After the Omicron coronavirus variant made a record number of US children sick in January, children’s hospitals across the United States braced for what has come with every other spike in the Covid-19 pandemic: cases of a rare but dangerous condition called multisystem inflammatory syndrome in children, commonly known as MIS-C. But a number of hospitals say the expected surge in cases hasn’t showed up – at least not yet.
MIS-C can follow Covid-19 even some weeks after infection. It can cause parts of the body to become inflamed, and it can affect major organs including the kidneys, brain, lungs and heart.
MIS-C symptoms are not uniform but may involve abdominal pain, vomiting, diarrhea, rash, conjunctivitis and low blood pressure. It often follows a mild or even asymptomatic case of Covid-19.
With the Omicron variant causing so many illnesses, it wasn’t clear exactly how many MIS-C cases hospitals could expect or how serious they would be. Research is still underway, but health care providers at many major children’s hospitals describe the outcomes as “a mixed bag.”
The US Centers for Disease Control and Prevention tracks MIS-C cases but updates the numbers on its website only once a month. There have been 6,851 cases reported during the pandemic, with 59 deaths, as of January 31.
That’s a tiny fraction of child Covid cases. More than 12.3 million children have been sick with Covid since the start of the pandemic, according to the American Academy of Pediatrics’ analysis of data from the states that report cases, hospitalizations and deaths by age.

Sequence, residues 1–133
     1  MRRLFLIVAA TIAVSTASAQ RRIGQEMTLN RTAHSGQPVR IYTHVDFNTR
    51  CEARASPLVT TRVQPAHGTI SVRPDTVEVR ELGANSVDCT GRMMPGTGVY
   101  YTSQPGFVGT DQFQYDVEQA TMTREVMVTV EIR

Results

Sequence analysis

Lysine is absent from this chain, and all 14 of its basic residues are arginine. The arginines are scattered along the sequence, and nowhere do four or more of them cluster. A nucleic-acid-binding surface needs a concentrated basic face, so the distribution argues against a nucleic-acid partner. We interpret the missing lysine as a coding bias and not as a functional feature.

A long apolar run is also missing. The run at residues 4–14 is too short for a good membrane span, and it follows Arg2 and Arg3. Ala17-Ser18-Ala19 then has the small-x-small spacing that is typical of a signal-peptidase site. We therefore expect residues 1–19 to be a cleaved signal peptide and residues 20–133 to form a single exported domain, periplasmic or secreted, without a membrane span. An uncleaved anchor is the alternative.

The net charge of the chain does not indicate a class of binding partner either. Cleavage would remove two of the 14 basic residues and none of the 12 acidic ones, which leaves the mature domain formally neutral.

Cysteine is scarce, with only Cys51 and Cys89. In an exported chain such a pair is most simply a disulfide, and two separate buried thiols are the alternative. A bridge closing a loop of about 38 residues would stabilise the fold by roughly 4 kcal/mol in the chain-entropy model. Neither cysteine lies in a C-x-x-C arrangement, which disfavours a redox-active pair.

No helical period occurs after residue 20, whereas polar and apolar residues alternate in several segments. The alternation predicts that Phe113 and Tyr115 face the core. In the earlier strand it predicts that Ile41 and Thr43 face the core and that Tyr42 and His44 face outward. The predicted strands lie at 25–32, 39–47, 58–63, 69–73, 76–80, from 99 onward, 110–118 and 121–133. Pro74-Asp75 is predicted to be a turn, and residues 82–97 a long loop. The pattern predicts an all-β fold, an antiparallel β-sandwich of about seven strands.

The more contagious Omicron variant brought a flood of cases: Almost 4.5 million children have had Covid just since the beginning of January.
Different regions of the country are still at different points in the Omicron wave, and it will take some time before scientists have a clearer picture of what the variant has meant for MIS-C cases overall.
Most MIS-C cases have not been fatal, but just last week, the Wisconsin Department of Health Services reported that a 10-year-old from the southeast part of the state died within the past month from MIS-C.
Tom Haupt, a respiratory disease epidemiologist with the department, said Friday that the state puts a priority on having doctors report even suspected cases of MIS-C so state officials can then report them to the CDC as quickly as possible.
“We want to share this information with the CDC with hopes that we can ultimately find out what’s causing this and what we could do to further prevent MIS-C,” Haupt said.
There are several MIS-C studies underway across the country. Scientists are still trying to figure out why some kids get it and others don’t. They’re also trying to understand the long-term consequences and the best way to treat it.
One thing is certain about MIS-C: “It always follows the same pattern,” said Dr. Roberta DeBiasi, Infectious Disease Division chief at Children’s National Hospital in Washington, DC. “It’s always two to six weeks after we see the spike from whatever variant it is, and then we’re on the lookout for MIS-C. And then, sure enough, it comes.”